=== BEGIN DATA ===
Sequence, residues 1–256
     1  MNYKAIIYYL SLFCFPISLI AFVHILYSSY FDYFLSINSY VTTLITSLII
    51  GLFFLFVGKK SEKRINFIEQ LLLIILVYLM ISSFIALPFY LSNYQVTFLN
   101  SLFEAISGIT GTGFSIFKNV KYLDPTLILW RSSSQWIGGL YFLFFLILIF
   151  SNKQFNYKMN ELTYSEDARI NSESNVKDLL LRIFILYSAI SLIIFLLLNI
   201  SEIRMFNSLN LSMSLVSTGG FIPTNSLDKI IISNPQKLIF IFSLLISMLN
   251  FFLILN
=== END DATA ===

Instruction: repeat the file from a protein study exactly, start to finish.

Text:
Sequence, residues 1–256
     1  MNYKAIIYYL SLFCFPISLI AFVHILYSSY FDYFLSINSY VTTLITSLII
    51  GLFFLFVGKK SEKRINFIEQ LLLIILVYLM ISSFIALPFY LSNYQVTFLN
   101  SLFEAISGIT GTGFSIFKNV KYLDPTLILW RSSSQWIGGL YFLFFLILIF
   151  SNKQFNYKMN ELTYSEDARI NSESNVKDLL LRIFILYSAI SLIIFLLLNI
   201  SEIRMFNSLN LSMSLVSTGG FIPTNSLDKI IISNPQKLIF IFSLLISMLN
   251  FFLILN